Another year of teams trading too much on draft day

Photo via Tim Heitman/USA TODAY Sports

By Howard Balzer, NFLDraftScout.com

Each year, the NFL draft is an intriguing blend of teams that sit where they are and let picks come to them, which is in stark contrast to those that fall in love with specific players and mortgage the future to trade up.

Thursday night was no different.

Front and center are the Buffalo Bills and New Orleans Saints, teams that coveted their targets and come hell or high water were committed to getting them.

Numerous analysts fell over themselves praising those teams for their boldness and aggressiveness. From this corner, it only creates head-scratching.

The Bills entered Thursday with two first-round picks at 12 and 22 and four second-day choices at 53 and 56 in the second round and 65 and 96 in the third round. That first No. 3 pick was the opening choice in that round.

Now, those first three are gone after the Bills traded up a combined 11 slots in the draft to select quarterback Josh Allen and linebacker Tremaine Edmunds. Really?

In their first trade, general manager Brandon Beane sacrificed those two second-round choices to move from 12 to seven, while also getting a seventh-round pick from Tampa Bay. They selected Allen, who had caused a firestorm earlier in the day for tweets when he was in high school that were racist and homophobic.

So much for a renewed workplace emphasis on sensitivity in the NFL, not to mention Allen's 56-percent completion percentage at Wyoming.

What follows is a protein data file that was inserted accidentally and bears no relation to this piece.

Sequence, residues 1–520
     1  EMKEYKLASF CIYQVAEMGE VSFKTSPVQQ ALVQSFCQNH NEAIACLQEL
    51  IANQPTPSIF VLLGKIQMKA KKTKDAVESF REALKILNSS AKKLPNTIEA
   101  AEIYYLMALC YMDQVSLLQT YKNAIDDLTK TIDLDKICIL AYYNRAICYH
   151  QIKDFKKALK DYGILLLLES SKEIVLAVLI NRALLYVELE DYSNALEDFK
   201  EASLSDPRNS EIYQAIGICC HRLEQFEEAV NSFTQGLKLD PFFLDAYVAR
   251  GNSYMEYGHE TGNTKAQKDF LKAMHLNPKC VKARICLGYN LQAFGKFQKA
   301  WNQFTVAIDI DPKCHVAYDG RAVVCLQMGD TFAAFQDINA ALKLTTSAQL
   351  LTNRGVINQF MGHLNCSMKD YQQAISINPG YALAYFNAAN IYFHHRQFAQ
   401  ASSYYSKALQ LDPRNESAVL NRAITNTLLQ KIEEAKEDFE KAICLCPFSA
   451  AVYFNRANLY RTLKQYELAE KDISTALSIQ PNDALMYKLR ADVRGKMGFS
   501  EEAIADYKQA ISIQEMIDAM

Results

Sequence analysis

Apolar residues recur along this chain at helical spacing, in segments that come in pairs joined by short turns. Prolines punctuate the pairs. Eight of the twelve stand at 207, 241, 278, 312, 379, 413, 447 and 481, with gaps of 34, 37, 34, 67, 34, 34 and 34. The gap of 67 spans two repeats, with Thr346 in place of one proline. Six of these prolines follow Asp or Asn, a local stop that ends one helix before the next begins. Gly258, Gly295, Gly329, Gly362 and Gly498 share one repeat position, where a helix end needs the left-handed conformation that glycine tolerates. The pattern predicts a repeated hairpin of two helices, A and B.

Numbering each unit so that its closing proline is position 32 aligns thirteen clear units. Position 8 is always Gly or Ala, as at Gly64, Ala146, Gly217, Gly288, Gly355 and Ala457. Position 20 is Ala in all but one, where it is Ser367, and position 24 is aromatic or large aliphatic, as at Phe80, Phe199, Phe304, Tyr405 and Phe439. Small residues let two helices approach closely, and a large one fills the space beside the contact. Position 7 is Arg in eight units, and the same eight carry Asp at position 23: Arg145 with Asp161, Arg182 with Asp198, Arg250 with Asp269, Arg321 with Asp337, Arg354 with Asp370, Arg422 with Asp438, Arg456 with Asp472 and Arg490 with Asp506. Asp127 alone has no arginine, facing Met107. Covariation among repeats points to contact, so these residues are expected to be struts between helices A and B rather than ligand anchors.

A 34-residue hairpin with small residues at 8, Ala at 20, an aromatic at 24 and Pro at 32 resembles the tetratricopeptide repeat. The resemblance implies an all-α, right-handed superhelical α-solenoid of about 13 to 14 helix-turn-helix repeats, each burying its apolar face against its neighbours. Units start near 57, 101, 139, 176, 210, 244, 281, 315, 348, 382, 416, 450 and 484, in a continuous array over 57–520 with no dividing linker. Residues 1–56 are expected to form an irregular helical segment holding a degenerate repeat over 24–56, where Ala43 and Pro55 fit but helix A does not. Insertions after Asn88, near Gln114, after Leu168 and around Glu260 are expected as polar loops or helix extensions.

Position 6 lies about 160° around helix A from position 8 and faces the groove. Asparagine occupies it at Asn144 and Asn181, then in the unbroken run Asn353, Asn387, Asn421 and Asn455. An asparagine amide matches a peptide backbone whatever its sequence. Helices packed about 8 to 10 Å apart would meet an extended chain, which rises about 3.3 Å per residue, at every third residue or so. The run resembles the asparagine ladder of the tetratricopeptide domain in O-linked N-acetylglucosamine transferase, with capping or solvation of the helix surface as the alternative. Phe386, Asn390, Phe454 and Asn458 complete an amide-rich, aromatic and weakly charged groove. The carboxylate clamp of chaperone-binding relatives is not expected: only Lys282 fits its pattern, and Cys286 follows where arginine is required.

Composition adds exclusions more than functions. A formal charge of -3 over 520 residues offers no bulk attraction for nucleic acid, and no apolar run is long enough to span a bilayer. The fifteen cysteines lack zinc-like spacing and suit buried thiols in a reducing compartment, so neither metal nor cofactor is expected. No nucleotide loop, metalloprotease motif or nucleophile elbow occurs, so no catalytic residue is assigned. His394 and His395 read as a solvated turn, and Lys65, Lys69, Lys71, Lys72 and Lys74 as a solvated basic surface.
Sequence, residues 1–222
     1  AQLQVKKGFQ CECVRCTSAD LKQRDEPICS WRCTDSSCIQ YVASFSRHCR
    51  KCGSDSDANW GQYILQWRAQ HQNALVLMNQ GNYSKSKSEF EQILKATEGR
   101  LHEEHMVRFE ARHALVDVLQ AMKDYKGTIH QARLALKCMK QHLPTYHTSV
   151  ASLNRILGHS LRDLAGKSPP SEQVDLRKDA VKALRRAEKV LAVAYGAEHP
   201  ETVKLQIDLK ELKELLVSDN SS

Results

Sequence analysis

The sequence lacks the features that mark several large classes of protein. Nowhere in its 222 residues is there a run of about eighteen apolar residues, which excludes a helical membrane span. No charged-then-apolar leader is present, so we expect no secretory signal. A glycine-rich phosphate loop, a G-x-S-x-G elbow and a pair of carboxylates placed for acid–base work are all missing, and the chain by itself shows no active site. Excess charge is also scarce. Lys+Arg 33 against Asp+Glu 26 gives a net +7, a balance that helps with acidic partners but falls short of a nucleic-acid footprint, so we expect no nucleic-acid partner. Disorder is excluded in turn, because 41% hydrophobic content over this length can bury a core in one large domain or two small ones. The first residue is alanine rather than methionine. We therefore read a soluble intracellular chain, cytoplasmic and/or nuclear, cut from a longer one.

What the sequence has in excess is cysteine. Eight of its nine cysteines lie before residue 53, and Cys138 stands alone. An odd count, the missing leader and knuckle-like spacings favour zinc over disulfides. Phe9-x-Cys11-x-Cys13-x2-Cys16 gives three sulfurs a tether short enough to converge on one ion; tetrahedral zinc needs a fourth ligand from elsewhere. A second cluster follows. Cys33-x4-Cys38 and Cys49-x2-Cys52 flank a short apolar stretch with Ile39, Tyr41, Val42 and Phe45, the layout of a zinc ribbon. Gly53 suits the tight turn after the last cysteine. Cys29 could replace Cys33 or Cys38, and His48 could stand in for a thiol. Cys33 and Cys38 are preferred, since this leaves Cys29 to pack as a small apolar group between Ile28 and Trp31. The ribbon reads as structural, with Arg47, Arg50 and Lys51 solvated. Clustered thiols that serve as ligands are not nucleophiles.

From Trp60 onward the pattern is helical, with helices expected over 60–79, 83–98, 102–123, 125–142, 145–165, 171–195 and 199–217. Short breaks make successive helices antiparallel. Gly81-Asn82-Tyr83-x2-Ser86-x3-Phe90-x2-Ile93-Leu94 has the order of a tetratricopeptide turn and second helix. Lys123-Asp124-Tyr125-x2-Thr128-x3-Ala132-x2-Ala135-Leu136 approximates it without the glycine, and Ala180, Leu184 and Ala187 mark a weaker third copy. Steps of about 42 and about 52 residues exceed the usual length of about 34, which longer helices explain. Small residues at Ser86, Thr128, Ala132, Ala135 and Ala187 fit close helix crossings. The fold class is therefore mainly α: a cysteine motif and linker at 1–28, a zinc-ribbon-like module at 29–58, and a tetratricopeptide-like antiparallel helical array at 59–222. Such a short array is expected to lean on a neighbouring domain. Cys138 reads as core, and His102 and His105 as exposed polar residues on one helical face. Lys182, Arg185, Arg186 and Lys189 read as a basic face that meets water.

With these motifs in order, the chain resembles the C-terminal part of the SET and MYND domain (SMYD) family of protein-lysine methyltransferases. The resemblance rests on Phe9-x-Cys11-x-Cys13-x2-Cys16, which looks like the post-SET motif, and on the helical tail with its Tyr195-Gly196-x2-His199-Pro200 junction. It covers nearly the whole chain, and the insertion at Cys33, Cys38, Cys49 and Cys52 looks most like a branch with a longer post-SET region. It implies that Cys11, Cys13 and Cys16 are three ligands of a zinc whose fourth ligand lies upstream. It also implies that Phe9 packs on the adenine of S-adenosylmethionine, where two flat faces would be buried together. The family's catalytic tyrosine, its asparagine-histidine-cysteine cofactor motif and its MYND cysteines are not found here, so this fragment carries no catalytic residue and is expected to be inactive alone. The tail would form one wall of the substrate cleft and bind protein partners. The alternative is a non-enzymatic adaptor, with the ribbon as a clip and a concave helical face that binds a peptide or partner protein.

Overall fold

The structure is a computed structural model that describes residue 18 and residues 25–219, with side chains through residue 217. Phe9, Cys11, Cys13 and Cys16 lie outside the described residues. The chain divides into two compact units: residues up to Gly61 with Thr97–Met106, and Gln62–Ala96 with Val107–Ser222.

The Bills subsequently moved from 22 to Baltimore's 16th slot and picked Edmunds. In that deal, Buffalo sent pick No. 65 to the Ravens while receiving a fifth-round choice (154) in return.

Of course, we will never know who Buffalo would have added had they stayed where they were and retained those second- and third-round picks. But giving up all those choices for Allen and Edmunds is over-reaching.

Meanwhile, the Buccaneers were able to add defensive tackle Vita Vea at 12 and will supplement the roster Friday with the bonus two second-round picks. That is, as long as general manager Jason Lucht doesn't pick a kicker with one of the second-rounders.

Switching to the Saints, there were rumblings throughout the day that New Orleans was looking to make a major move up in the first round. Would it be for a quarterback? That appeared to make sense with Drew Brees having turned 39 in January.

But, no. The Saints moved from 27 all the way up to Green Bay's slot at 14 and selected defensive end Marcus Davenport. Analysts hailed the Saints for making a move to win the Super Bowl. Just a tad of hyperbole there, especially taking into account that the Packers got a fifth-round pick (No. 147) from New Orleans and a first-round choice next year. Again, over-reaching.

Then, there is the Ravens, operating with Ozzie Newsome in his last year as general manager.

Baltimore entered the draft with eight selections and still had eight when Thursday ended. They traded down twice in the first round from 16 to 22 and then 25, and then vaulted back into the round by getting Philadelphia's final choice.

In their dealing, the Ravens gave up a second-round choice (52), fourth-round pick (125), which they acquired and then traded, a fifth-round pick (154), sixth-round pick (215) and a second-rounder in 2019, while adding a third-round pick (65) and fourth-round pick (132).

Baltimore selected tight end Hayden Hurst and concluded the evening with quarterback Lamar Jackson.

That is working the draft to your advantage.

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